DWIN's "TransVision" DLP Projector
In the world of "high-end" home theater there are a few elite brands that avid enthusiasts identify with super-premium quality. Brand names like Vidikron, Runco, and Faroudja have traditionally stirred the passions of those in search of ultimate home theater in the same manner that Ferrari and Rolls-Royce inspire awe and a touch of mystery in the world of motorcars.
DWIN Electronics is a boutique video systems maker in Burbank, CA, that has established its credentials as one of the super-premium home theater brands as well. Like Vidikron and Runco, DWIN built its excellent reputation by producing expensive CRT projection systems that were sold in low volumes at high prices through a distribution network made up of custom installers and high-end home theater specialty retailers.
This distribution arrangement has worked well for DWIN and other marketers of expensive CRT projection systems since these products require professional installation, convergence, calibration, and on-going maintenance. However, the digital projector revolution has changed all that. Digital projectors are less expensive, light weight, easy to install, and usually require no professional installation unless the customer desires it. If they are so inclined, users can do their own test pattern calibrations with the help of a DVD called The AVIA Guide to Home Theater, available at Amazon and other Internet sites. Digital projectors make it much easier than it ever was before for the do-it-yourself'er to install an impressive home theater.
This creates a serious challenge for the high-end brand companies. The basic problem is simple. As digital projectors rapidly evolve into commodity items, how do the elite brands product-differentiate their own offerings enough that they can legitimately command super-premium prices and be marketed effectively by custom installers and boutique specialty retailers? This has not been an easy code to break. Two vendors have resorted to high-gloss, high-style casework on the marketing theory that if it looks high-performance on the outside the consumer will assume it must be high-performance on the inside too. But DWIN's approach with the TransVision has been to add a variety of extra features that are not typically found on most commercial digital projectors.
Overview: DWIN TransVision
The TransVision by DWIN Electronics is a standard 4:3 format DLP projector featuring a 0.9" XGA-resolution (1024x768) DLP chip. To produce a 16:9 format image, 575 lines of the native 768 are used. Since 25% of the chip is not used in 16:9 mode, the active area of the chip can be moved up and down, thereby moving the image up and down on the screen for the equivalent of a lens-shift function.
The projector has a rated brightness of 1000 ANSI lumens and a full on/off contrast of 500:1. It accepts NTSC, PAL, component, composite, S-video, progressive component 480p and HD signals including 1080i, 720p, and 540p.
The TransVision has a total of nine video inputs, including two composite, two S-video, three component and two RGB. A separate outboard controller/scaler is included in the configuration.
In addition to the TransVision's extensive connectivity, DWIN has incorporated other features to dress this unit up for high-end marketing. A Zeiss lens, twenty video source memories for custom set up, a back-lit remote control, and two sets of 12-volt screen trigger outputs are all features that the HT buyer will find attractive. Very few if any projectors built for the commercial and mass consumer market have this array of features. The product currently retails for $12,950, and since it is in limited distribution it is rarely discounted.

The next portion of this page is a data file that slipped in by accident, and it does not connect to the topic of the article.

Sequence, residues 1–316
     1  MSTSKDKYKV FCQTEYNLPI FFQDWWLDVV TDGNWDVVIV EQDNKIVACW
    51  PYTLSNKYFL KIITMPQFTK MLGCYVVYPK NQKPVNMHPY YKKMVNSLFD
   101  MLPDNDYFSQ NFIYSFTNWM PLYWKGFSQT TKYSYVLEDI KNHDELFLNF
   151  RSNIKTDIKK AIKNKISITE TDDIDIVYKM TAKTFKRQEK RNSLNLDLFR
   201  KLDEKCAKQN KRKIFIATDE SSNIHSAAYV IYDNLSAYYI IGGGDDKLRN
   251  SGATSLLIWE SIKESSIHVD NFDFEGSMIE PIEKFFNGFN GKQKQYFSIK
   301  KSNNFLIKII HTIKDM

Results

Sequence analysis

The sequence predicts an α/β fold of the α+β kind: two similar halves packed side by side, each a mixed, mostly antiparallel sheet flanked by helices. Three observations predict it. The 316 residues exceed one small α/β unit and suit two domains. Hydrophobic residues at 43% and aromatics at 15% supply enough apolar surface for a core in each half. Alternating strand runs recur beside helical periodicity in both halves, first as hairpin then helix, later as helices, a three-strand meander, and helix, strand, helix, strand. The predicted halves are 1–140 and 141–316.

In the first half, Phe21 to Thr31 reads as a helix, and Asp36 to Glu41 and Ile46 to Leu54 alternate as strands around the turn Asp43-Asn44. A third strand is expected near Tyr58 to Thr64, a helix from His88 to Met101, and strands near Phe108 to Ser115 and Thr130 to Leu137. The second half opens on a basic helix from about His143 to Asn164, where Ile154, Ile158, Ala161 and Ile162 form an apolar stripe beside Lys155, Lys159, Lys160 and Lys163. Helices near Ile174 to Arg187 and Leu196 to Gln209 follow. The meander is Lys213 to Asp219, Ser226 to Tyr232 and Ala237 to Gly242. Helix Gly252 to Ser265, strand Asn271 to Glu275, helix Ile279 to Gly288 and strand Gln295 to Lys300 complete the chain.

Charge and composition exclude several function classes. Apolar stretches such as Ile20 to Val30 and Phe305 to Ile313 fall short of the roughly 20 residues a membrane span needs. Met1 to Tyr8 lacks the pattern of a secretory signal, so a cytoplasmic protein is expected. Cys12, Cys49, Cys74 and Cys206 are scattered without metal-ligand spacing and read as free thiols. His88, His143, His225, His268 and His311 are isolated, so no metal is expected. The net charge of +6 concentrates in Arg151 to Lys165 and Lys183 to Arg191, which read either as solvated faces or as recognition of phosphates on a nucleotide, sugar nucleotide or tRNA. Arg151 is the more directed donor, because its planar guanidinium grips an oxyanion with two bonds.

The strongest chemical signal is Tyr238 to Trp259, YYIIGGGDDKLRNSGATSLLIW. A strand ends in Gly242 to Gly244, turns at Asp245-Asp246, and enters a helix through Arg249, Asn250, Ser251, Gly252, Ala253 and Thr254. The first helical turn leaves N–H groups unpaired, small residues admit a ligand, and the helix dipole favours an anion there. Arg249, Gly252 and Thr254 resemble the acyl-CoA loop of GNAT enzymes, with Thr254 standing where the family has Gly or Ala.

The TransVision produces a stable, sharp, pleasing picture with both HD and 480-line video sources. Scaling artifacts are minimal and the image is entirely free of pixelation from a normal viewing distance. There are no significant errors in color accuracy. If one were to audition this projector only, not bothering to check the competition, one could be quite content with the TransVision's performance.
There are two obvious deficiencies however. The first is contrast, rated at 500:1, which is adequate but not state of the art for projectors in this price class. The industry has move well beyond this relatively modest contrast performance. For example, the SharpVision XV-Z9000 ($10,995) is rated at 1100:1, and the Yamaha DPX-1 ($9,995) is rated at 800:1. Both of these units deliver obviously superior contrast and "snap" when compared to the TransVision.
The second deficiency is resolution and format. The TransVision offers only standard 4:3 native format XGA for its $13,000 price tag. Meanwhile the SharpVision XV-Z9000 features a native 1280x720 16:9 widescreen DLP chip that delivers visibly better performance in HD, especially with native 720p sources. The higher resolution of the XV-Z9000 combined with its decided advantage in contrast enable it to produce an image that is clearly superior to that delivered by the TransVision. And considering that Z9000 retailers are selling that unit for $3000 less than the TransVision, there is no contest at all in terms of image quality for the money.
Bottom line…the DWIN TransVision is a nice machine with a lot of little extras. The extras however do not include the best picture quality in town for the money. The $13,000 premium price tag buys you some extra connectivity, automatic aspect ratio recognition, more video source memories than you could ever need, a lens with Carl Zeiss' name on it, and automatic triggering of your retractable screen when you activate the projector. If these are important features to you, and you're willing to give up state-of-the-art image quality to get them, the DWIN TransVision is worth a look.